5 Essentials for Creating the Perfect Homeschooling Room

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Imagine walking into a shopping center with no displays and no color, just white walls with nothing to entice the shopper to spend money. Do you think their revenue would decrease or increase? That’s a no-brainer – it would probably close for lack of interest. If the aesthetic attractiveness of a shopping center is vital for success, how much more is such an environment for creating a viable learning space?

According to the National Home Education Research Institute, there were an estimated 2.3 million homeschoolers in 2016, up from 2 million in 2010. The numbers are growing. It’s obvious that Christian homeschooling is on the rise and Christian families are making the leap. Homeschooling is an important part of life for millions of students.

The decision to homeschool is a major one, so the setting where you choose to homeschool your children should involve more than just a passing thought. It’s important to create a specifically dedicated space to encourage learning and intellectual curiosity.

So, how can you do this? Here are 5 essentials:

Turn Off Screens Not in Use

Have you ever walked into a classroom – elementary, secondary, or college – that had all sorts of screens streaming content not related to the subject? Probably not. Superfluous screens aren’t conducive to learning. It’s a distraction – and distraction isn’t conducive to learning or child development.

You know your students, so you know what promotes their learning. If it doesn’t, remove it from their line of sight and put it in another room.

Use Appealing and Engaging Visual Aids (Pictures, Videos, etc.)

One-dimensional learning only grabs one person – the person it is geared toward! The reality is that you probably have more than one student in your classroom and some of them need more than just books to help them learn. Utilize everything you can get your hands on. If you have a lesson on the Acropolis, show pictures of what it looked like in its heyday, as well as what it looks like in present-day Athens. Show them a documentary on the new efforts to reconstruct it. Make learning come alive through using engaging visual aids.

Use as Much Natural Lighting as Possible

If you’ve recently been in a kindergarten room during naptime, you probably noticed that the first thing teachers do is lower the lights. Teachers do this because they don’t want their students learning – they want them napping. The opposite effect should be used if you are promoting learning. Create an environment that has as much natural lighting as possible. Natural light generates happiness, but most important, it keeps us awake!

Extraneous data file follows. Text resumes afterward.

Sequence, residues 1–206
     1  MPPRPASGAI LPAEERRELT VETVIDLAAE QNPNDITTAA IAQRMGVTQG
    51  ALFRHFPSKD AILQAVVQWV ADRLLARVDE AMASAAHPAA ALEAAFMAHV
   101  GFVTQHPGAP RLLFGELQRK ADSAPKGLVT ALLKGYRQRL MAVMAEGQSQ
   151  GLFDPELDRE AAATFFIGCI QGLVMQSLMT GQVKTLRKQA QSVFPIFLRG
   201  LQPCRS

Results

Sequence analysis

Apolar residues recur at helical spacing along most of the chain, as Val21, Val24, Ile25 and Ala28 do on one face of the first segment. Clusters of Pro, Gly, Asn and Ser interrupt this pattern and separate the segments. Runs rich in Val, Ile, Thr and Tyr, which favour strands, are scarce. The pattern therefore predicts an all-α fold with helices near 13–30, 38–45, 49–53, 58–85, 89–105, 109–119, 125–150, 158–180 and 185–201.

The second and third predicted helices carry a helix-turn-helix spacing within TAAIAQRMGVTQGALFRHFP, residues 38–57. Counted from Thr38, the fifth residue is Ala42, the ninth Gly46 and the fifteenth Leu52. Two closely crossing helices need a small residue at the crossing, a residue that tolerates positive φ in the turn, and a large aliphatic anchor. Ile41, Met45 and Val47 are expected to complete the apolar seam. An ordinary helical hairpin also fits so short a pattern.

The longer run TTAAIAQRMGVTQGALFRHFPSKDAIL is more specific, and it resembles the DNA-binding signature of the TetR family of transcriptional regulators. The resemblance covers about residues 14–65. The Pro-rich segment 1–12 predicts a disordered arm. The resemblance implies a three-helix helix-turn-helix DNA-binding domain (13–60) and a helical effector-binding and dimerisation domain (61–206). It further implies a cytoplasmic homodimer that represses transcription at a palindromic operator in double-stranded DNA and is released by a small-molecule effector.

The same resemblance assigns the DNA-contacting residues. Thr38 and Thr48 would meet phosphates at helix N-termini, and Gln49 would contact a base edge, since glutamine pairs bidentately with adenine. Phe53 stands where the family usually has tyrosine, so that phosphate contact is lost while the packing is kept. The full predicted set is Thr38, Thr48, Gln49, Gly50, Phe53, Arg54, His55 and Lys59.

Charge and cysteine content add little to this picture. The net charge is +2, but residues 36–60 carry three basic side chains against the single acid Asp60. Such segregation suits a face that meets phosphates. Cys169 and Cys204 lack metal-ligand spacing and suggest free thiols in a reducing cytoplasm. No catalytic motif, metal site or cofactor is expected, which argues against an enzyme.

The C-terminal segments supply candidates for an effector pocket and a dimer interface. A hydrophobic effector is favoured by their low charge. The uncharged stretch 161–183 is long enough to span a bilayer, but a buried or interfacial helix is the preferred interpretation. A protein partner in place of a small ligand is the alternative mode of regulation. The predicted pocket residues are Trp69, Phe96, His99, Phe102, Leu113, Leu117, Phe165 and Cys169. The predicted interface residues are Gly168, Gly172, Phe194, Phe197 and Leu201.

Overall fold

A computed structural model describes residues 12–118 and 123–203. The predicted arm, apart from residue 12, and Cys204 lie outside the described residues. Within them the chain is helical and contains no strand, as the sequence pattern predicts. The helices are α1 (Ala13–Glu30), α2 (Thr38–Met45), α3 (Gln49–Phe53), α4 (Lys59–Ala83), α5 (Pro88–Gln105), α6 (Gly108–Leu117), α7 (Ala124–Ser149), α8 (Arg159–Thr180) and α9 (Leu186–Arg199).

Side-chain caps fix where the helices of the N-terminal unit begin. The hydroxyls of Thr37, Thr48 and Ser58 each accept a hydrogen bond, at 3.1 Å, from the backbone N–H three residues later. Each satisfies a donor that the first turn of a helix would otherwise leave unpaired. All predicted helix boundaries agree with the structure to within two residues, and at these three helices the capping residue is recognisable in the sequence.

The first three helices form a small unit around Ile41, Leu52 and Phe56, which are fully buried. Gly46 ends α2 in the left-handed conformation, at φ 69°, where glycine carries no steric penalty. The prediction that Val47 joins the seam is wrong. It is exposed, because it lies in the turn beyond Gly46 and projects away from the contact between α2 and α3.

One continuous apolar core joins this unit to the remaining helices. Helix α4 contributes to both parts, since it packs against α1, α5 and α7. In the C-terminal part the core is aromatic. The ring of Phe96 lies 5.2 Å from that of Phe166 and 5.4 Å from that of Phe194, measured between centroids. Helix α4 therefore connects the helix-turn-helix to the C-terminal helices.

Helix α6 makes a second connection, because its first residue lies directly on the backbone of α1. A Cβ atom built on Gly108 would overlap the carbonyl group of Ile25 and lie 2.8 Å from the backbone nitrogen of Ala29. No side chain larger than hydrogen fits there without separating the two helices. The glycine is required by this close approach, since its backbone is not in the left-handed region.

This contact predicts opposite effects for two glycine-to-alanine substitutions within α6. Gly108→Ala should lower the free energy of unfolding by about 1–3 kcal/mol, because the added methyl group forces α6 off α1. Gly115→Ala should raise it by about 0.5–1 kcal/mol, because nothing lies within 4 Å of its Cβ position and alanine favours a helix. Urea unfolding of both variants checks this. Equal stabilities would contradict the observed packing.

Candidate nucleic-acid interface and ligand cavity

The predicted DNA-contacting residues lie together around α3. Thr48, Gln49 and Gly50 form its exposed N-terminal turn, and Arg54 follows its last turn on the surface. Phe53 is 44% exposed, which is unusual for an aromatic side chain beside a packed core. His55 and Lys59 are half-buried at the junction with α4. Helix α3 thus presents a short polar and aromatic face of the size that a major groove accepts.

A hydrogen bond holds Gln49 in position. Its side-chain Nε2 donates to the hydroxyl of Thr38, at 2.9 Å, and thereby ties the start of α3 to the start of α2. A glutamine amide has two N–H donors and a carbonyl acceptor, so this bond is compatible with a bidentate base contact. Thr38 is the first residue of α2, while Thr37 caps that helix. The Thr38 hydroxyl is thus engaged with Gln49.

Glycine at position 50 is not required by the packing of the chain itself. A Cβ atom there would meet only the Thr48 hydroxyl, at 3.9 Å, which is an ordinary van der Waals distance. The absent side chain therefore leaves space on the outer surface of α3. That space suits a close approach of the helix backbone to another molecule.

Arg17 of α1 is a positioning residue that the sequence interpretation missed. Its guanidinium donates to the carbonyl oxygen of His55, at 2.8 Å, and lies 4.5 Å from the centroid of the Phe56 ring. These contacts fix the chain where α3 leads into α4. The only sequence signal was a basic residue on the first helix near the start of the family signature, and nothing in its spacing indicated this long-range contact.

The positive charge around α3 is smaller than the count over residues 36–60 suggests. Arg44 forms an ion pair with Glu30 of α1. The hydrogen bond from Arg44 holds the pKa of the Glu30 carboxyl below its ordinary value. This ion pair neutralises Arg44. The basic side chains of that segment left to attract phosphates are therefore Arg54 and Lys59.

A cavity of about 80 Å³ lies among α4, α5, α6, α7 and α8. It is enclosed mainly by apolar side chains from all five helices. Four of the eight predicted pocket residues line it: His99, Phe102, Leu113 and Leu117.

Enable Physical Movement (Yoga Ball, Chin-Up Bar, Exercise Area, Daily Walks, etc.)

Students and adults get bored. One easy way to battle this is through physical movement. This may be something that you schedule into your day, or that you randomly interject when you see fatigue or boredom setting in. Remember that the end game is to promote learning, not to keep your student still. If that requires an afternoon walk or a daily exercise time, do it. The reward is long term.

Celebrate Changes and the Passage of Time with Visual Cues

Students are naturally attuned to seasonal changes. This might be less true if you live in an environment where there are fewer changes in seasons, but regardless of where you live, you can celebrate the changes happening in nature by using visual cues to focus on them. This could be through painting a wall with a mural, or putting up pictures of seasons across the country or the world.

Another interesting way to show the passage of time is to visually show what time it is in various parts of the world. Do a small class segment learning about the Greenwich Mean Time and what it means to our world, and for how time is calculated. One visual way to do this is to purchase cheap clocks, set them to different time zones, and hang them on the wall with the name of a city in that time zone. It’s a fun way to teach students about time!

Learning doesn’t have to be boring and neither does a homeschool environment. Be sure to take into consideration who your students/children are. What are their interests, their distractions, and their sources of inspiration? Once you get some ideas, engage them in the creation of your school environment. Get their buy-in and allow them to feel some ownership in the process. This will engage them from the beginning.

If this scares you because you’ve never put together a space like this before, don’t forget to look at blogs or connect with another homeschool group(s) to brainstorm effective ways to create that perfect homeschool room! The more ideas you engage, the better the result.

If you’re looking for resources to supplement their education, Christian parenting tips, or other engaging media for Christian families, check out our online catalogue of exciting and educational tools!